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Re: <nettime> Hernando de Soto: Egypt's Economic Apartheid (WSJ)

In this same vein, some may also be interested in an empirical study  
by Di Tella and others, about the implications of Peru's titling  
program on the worldview of those who were granted title.

In their words, "Lucky squatters who end up with legal titles report  
beliefs closer to those that favor the workings of a free market.  
Examples include materialist and individualist beliefs (such as the  
belief that money is important for happiness or the belief that one  
can be successful without the support of a large group). The effects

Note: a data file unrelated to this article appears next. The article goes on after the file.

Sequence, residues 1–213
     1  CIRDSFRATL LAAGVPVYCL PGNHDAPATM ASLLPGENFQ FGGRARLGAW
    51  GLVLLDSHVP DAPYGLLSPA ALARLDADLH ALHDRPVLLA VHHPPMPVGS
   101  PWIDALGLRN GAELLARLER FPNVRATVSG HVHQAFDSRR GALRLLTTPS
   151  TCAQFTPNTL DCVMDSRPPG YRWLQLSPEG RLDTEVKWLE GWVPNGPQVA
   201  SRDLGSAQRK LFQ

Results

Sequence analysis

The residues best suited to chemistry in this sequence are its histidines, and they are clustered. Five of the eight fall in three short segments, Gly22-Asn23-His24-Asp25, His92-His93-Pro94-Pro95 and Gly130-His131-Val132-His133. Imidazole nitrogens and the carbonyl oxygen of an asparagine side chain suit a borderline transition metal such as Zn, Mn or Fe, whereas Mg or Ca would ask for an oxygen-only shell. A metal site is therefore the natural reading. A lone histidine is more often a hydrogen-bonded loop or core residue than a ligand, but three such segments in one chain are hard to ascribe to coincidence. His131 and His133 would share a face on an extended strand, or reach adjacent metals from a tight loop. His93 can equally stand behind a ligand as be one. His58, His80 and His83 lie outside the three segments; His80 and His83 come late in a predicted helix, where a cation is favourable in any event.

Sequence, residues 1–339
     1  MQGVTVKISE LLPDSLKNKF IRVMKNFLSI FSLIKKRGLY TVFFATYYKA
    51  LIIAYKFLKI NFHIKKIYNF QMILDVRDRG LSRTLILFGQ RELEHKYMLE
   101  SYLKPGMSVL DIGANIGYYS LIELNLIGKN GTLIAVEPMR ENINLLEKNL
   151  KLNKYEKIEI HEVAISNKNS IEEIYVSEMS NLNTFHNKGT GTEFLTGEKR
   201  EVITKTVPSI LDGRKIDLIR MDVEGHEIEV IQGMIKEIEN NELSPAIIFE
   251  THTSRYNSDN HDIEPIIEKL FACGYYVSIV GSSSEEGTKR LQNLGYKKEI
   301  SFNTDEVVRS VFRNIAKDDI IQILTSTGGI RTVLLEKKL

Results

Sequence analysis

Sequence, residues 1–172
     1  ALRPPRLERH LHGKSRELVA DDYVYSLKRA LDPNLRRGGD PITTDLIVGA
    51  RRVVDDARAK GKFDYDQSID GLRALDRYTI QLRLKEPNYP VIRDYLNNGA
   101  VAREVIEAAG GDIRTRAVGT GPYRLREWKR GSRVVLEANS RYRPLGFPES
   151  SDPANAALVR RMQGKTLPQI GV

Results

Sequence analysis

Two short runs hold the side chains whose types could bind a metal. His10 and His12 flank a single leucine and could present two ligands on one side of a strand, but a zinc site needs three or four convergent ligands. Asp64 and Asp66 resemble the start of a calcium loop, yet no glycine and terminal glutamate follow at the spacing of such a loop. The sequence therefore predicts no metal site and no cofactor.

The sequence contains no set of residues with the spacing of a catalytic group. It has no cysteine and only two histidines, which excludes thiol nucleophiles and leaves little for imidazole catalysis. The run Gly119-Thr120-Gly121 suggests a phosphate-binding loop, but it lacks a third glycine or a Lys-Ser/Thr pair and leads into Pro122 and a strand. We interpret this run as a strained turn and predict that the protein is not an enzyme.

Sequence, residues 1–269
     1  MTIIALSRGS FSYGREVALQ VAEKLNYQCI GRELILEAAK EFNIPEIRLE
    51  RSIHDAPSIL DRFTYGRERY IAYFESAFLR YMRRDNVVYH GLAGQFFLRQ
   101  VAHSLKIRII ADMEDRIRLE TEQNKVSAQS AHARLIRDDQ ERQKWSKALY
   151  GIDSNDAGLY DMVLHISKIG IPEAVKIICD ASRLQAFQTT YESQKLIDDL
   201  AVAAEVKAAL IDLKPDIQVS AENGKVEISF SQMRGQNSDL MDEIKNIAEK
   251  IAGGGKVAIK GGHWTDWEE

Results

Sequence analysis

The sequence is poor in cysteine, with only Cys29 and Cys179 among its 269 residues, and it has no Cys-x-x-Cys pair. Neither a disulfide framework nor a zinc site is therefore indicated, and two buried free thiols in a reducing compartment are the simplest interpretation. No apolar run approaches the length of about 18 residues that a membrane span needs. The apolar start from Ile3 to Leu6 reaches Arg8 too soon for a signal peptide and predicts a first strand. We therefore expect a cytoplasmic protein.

appear large."

Di Tella, Rafael, Sebastian F. Galiani, and Ernesto S. Schargrodsky.  
"The Formation of Beliefs: Evidence from the Allocation of Land Titles  
to Squatters." Quarterly Journal of Economics 122, no. 1 (February  

On Feb 4, 2011, at 7:40 PM, Angela Mitropoulos wrote:

> De Soto's neoliberal prescriptions of formal legal title as a means of
> 'economic development' have been put to work in Peru, and more  
> recently
> in Australia (by way of Noel Pearson's rather more normative version  > of
> de Soto's celebration of formal property titling, and as it has
> inflected the Northern Territory Intervention).

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